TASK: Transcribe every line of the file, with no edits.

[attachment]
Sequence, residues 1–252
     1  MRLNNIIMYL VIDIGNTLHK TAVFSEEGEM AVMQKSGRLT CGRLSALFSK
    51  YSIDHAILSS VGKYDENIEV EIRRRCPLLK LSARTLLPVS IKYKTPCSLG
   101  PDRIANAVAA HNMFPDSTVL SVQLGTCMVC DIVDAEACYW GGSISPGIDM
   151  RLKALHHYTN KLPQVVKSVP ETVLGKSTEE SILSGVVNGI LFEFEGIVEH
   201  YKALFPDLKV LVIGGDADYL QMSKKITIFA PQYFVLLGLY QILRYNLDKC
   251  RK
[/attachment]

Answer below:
Sequence, residues 1–252
     1  MRLNNIIMYL VIDIGNTLHK TAVFSEEGEM AVMQKSGRLT CGRLSALFSK
    51  YSIDHAILSS VGKYDENIEV EIRRRCPLLK LSARTLLPVS IKYKTPCSLG
   101  PDRIANAVAA HNMFPDSTVL SVQLGTCMVC DIVDAEACYW GGSISPGIDM
   151  RLKALHHYTN KLPQVVKSVP ETVLGKSTEE SILSGVVNGI LFEFEGIVEH
   201  YKALFPDLKV LVIGGDADYL QMSKKITIFA PQYFVLLGLY QILRYNLDKC
   251  RK